Subsequent maps confirm Todd's view that 'the egalitarian temperament' in France today resides in the big central tranche of early unbelievers. He ascribes a points system from zero to three for equality: the centre and annexe score high, as you'd expect, and the periphery much lower. A left-leaning Eurosceptic, he also maps reactions to the advent of the single currency and the proposal for a European constitution. Sure enough, conservative cultures on the periphery led the narrow victory in France's Maastricht referendum in 1992, and the 'No' vote corresponds loosely to the old egalitarian map of the Paris Basin. As for the European Constitutional Treaty of 2005, in which the 'social Europe' which the left had hoped for was conspicuously absent, a majority voted against, as they did in the Netherlands. The spread of French votes for and against shows a rough coincidence of 'No's with the egalitarian swathe of the Paris Basin, but the spatial distributions are messy: comparing this new map to earlier ones is like staring at a bowl of cereal you've just dropped and remembering how it looked when you had it in your hand.

What are we being told? Apparently whatever changed between 2005 and 2015 - a change for the very worst in Todd's view - was driven neither by the founding generations of unbeliever-egalitarians, nor by North African migrants, but by the generations of French on the periphery who forsook religion late in the day, from the 1960s onwards. In an earlier book Todd and Hervé Le Bras, an INED colleague, came up with the name 'zombie Catholics' for this large segment of the French population that still carries the moral and sociological baggage of devout Christianity even though it is no longer practising. Zombie Catholics prefer authoritarian values to egalitarian ones, and they are in search of a universalising, transcendent faith to replace the one they have abandoned. They are the new reactionary force shaping the cultural politics of France in the 21st century.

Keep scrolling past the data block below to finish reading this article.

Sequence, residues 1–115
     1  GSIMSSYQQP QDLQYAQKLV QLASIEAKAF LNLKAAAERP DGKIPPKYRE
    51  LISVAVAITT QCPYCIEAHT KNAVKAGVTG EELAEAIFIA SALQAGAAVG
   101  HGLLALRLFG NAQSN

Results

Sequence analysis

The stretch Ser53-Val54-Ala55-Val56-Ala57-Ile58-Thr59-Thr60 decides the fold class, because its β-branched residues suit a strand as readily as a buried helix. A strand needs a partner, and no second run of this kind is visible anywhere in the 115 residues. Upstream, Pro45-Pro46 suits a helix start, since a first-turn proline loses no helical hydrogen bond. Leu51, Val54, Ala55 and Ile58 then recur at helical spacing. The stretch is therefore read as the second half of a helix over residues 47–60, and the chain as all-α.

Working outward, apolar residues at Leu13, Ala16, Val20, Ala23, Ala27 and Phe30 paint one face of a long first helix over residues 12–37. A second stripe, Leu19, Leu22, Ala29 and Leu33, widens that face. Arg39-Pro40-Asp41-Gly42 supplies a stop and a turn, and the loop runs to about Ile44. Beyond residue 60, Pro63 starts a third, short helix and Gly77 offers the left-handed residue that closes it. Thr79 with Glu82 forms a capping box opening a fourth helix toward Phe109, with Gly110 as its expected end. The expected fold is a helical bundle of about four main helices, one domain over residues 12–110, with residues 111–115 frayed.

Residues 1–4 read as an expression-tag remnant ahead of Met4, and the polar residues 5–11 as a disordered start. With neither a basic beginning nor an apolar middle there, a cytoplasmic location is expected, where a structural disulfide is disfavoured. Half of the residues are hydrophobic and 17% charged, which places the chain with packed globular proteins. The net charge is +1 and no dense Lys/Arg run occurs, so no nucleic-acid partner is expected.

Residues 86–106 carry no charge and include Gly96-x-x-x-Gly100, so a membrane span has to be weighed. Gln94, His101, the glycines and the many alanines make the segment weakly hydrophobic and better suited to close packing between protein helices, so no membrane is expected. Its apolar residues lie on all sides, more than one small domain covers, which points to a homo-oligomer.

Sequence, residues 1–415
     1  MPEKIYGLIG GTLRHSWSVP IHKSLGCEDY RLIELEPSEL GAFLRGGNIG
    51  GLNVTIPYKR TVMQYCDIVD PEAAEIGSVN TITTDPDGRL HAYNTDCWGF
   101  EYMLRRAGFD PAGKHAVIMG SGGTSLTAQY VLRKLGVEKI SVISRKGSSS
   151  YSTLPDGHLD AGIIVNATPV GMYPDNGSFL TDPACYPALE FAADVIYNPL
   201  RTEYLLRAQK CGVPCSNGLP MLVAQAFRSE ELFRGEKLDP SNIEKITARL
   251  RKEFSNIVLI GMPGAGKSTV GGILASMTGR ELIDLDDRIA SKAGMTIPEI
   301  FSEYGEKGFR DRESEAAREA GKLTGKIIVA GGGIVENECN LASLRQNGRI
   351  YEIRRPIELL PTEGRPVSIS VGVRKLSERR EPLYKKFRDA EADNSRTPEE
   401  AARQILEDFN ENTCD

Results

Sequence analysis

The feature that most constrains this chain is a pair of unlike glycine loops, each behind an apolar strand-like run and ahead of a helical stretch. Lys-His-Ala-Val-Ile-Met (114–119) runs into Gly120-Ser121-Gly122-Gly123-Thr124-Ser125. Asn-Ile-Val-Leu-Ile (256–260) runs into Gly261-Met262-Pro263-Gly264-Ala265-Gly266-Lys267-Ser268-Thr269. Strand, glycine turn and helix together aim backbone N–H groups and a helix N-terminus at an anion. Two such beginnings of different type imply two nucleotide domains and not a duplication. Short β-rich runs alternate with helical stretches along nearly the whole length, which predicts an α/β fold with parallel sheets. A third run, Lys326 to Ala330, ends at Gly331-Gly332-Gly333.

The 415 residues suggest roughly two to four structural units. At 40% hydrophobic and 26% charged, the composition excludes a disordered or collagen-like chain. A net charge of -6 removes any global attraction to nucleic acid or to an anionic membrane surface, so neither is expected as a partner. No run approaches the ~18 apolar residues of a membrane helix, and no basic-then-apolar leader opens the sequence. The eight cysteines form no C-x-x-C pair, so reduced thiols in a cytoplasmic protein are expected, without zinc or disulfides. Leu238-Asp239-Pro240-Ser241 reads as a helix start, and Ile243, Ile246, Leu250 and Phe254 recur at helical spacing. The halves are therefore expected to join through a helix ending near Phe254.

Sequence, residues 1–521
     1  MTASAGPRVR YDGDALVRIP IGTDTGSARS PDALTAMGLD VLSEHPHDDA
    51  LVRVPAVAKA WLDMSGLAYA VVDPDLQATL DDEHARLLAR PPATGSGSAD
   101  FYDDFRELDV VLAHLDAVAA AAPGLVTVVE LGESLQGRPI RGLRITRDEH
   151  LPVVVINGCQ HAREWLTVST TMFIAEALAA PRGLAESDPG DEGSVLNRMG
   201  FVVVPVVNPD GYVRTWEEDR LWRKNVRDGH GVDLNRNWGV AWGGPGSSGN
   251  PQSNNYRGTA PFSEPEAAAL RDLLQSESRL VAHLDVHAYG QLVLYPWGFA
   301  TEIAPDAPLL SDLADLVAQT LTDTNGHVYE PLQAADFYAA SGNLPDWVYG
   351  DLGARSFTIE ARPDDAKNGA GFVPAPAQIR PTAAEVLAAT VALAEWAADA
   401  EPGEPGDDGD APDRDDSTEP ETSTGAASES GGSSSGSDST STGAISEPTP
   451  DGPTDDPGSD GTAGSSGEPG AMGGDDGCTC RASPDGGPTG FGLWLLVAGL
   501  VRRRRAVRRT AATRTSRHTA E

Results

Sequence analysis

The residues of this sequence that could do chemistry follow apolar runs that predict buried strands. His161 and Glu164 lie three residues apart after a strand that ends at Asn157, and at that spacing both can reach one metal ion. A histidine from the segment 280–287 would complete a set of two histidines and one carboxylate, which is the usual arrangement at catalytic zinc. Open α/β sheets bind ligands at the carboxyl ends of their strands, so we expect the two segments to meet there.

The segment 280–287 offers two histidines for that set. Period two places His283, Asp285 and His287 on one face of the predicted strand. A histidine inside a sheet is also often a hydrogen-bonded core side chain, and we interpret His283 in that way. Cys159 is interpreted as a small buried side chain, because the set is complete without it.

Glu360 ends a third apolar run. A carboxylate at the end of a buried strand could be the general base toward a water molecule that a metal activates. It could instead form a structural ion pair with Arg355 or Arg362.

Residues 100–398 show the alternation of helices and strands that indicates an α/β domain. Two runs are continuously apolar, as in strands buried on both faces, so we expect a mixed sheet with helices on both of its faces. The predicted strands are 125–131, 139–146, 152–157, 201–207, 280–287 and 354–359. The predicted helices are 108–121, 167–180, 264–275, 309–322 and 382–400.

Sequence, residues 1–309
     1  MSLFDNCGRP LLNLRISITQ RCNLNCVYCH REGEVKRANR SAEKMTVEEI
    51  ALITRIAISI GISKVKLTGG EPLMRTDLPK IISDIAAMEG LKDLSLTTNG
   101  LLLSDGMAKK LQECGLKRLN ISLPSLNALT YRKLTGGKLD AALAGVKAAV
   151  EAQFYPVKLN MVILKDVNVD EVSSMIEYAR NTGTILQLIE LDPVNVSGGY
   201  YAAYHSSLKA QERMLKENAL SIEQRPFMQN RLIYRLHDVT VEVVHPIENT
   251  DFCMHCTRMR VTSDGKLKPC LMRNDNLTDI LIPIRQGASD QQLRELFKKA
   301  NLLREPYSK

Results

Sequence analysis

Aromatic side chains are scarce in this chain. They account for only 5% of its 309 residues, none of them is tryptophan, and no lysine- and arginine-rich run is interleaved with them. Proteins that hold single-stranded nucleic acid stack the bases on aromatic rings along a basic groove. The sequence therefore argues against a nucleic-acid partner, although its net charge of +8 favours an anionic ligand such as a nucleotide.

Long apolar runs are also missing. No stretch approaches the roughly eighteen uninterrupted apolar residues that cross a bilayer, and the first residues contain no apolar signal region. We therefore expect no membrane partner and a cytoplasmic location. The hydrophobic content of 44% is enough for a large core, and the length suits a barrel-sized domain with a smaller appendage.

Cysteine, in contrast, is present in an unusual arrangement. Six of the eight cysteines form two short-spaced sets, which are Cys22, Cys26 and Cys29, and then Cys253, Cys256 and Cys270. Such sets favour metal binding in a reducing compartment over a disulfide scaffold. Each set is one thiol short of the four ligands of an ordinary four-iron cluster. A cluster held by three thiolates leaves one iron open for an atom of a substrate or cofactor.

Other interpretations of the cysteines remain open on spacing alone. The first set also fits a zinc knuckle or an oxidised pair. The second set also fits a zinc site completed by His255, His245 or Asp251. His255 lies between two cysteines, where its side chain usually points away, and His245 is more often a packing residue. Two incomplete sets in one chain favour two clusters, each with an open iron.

But how is this force on the periphery - its territory more or less the same as it always was - redefining the temperament of the nation without eating into the home turf (also more or less the same) of the old egalitarian centre? Todd's answer is that there are two crises of faith in France: one in the recently godless periphery, the other in the old heartland of godlessness, where militant unbelief no longer makes sense now the clerical monster that gave meaning to atheism has ceased to exist. (In the centre, the egalitarian temperament began to founder in the mid-1970s: we see this in the collapse of Communist Party membership, which came not with the fall of the Soviet Union, but almost a decade earlier when the decline of peripheral Catholicism had already begun.) And so, as the periphery casts about for certainties, the centre is also looking this way and that for a new vitality. Both are confronted with 'the boundless void of a godless and atheist world' and both have found a born-again affirmation of secular values in the wake of the Charlie Hebdo murders. 'The demonisation of Islam' anchors this new ecstatic consciousness in the real world and fulfils 'the intrinsic need of a completely dechristianised society'.

It is, perhaps, understandable that people who don't believe in anything look for something to believe against, but it's not something you can build a new culture around.

Posted by at January 9, 2016 10:40 AM